I love Barcelona, it’s that simple. I’ve been back to the metropolitan city a good few times now and it continues to grow on me more each time I’m there. It’s timeless with a fantastic buzz that reverberates through the city. The Catalonian people are beyond friendly, the pinchos are crazily moreish and there is so much to see and do.
For the last few weeks we had taken some seriously horrendous weather during the later leg of our Portuguese tour; whilst the UK and Ireland were under a couple of feet of snow, we had torrential rain and, at times, hurricane strength winds. Not overly fun when you’re living in a van and can hear every drop of rain and feel every gust of wind, so when we checked the weather for Barcelona and saw sunshine and warm temperatures we quite literally rejoiced and made a b-line for Spain’s east coast.
Whilst I was chomping at the bit to get back to some city exploring after our three day drive over 1,200 kilometres across Portugal and Spain, Eamo wasn’t as enthused about Barcelona as I was. The last time Eamo was in Barcelona was for work and didn’t enjoy it all that much, so I had a few days to win him over… and I did just that!
A huge part of Barcelona’s irrevocable charm is down to the incredible architecture by Antoni Gaudí. With Park Güell and the Sagrada Família being two of the most famous and with blue skies and eighteen degrees to match, off we headed.
The buildings look like they should be in a fairy tale. The walls look as though they are made out of gingerbread and the roofs as though they are made from icing and sweets. Park Güell is completely enchanting and bizarre with all its wavy lines and colourful mosaics which somehow seem to be more natural than the nature it’s self. We spent hours just wandering around this glorious park in the glorious sunshine; best to go early in the morning or later in the afternoon though to avoid the crowds.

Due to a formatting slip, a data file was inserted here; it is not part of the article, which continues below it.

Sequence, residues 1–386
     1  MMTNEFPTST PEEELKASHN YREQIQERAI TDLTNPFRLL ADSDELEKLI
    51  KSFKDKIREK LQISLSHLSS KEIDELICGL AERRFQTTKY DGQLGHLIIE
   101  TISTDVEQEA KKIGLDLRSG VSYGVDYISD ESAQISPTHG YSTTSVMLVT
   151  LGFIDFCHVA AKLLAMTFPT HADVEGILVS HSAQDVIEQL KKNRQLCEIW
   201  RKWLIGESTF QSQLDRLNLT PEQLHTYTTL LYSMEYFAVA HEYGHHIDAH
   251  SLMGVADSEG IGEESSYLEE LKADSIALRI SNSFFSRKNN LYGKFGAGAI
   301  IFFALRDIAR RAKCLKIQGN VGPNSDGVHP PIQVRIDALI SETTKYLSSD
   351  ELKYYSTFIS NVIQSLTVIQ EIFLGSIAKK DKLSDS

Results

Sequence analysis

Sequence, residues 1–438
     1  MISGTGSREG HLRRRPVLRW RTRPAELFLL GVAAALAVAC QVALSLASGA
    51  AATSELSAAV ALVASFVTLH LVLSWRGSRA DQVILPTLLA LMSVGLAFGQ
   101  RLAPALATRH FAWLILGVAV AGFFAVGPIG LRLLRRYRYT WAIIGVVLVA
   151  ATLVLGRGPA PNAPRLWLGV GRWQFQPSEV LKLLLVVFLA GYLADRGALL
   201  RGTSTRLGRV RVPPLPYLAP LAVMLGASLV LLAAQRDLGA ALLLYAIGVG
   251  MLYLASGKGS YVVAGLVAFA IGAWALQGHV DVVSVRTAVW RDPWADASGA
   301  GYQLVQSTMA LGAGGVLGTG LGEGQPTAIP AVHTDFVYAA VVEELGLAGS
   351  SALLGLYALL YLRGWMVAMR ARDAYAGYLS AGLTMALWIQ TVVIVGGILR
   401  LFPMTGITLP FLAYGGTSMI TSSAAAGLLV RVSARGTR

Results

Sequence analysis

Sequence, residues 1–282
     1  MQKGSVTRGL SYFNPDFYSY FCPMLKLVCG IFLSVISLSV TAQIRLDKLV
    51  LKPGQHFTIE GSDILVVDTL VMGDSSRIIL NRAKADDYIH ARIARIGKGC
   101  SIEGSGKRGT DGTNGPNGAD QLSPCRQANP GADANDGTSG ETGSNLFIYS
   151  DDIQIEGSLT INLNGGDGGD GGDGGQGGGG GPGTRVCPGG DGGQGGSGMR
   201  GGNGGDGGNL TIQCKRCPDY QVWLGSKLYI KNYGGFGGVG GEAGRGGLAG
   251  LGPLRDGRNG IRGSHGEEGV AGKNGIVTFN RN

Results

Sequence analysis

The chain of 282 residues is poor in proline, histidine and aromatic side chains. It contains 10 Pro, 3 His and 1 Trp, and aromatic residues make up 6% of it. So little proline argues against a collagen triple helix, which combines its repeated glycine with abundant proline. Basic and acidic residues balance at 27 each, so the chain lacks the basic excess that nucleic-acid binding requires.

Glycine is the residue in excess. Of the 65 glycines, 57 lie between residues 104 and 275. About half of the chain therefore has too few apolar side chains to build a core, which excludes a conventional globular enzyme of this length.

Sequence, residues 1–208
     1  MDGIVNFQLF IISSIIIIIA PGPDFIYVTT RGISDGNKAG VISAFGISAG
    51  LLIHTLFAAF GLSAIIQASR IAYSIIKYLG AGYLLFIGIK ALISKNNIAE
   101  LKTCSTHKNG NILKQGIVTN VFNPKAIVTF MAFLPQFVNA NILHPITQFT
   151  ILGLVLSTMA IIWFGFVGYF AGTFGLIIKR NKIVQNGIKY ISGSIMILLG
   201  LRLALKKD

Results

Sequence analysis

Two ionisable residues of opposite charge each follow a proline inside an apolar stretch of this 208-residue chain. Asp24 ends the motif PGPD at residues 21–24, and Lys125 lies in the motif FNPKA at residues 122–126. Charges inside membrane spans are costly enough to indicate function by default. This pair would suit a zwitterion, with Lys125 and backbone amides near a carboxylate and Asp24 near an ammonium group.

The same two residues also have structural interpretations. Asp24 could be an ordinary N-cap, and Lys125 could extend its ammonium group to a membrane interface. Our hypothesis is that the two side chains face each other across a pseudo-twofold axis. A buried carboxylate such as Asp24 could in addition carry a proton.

Whether you like exploring cathedrals or you don’t is almost irrelevant when it comes to the Sagrada Família. If you’re going to visit any house of worship in Europe, then this one should at least be in your top three.
Casa Milà & Casa Batlló
Gaudi’s two other most famous pieces of work and which are rudely expensive to get in, so we chose to admire them from the street, for free.
The Gothic Quarter is my favourite place in Barcelona, and quickly became Eamo’s too. It’s full of boutique shops, quirky cafes and delectable places to eat all hidden down a maze of shadowy streets. It’s so fun getting lost in the Gothic Quarter only to suddenly come across Barcelona’s Cathedral or be thrust out on to Parliament Square.
As we turned down one street and walked along another, we came across a rather large protest for Catalan Independence.
We visited here when we were hungry. Big mistake, huge. Stalls upon stalls of the most colourful fruit and veg, delicious looking chocolates and sweets, olives, meats, pinchos, wine, smoothies, seafood… if you catch my drift.
Parc de la Ciutadella
We came across Parc de la Ciutadella by pure chance. It wasn’t on either of our list of places to visit but it most definitely should have been. A green oasis on the edge of the megacity, the park has loads of things to see and do from the Zoo to the Havernacle, Geological Museum to the Catalan Parliament building. You can row a boat on the lake and maybe even bump in to a mammoth on your travels.
It doesn’t have to cost the earth to stay in the city; we stayed at Camping Barcelona, a great campsite just outside the city in Mataró. What really gave the edge for this campsite was the free bus in to the city centre each day which dropped us off and picked us up at Plaza Catalunya.
I never get bored with exploring Barcelona and each time I’m there I discover something new whether it’s a new park, somewhere to eat or go for a drink or a new district. As for Eamo, I had a few days to win him over, turns out he was won over in the first couple of hours. We can’t wait till we return to this wonderful city.
Until next time Barcelona…
Distance travelled so far: 5,189 km
Days away: 137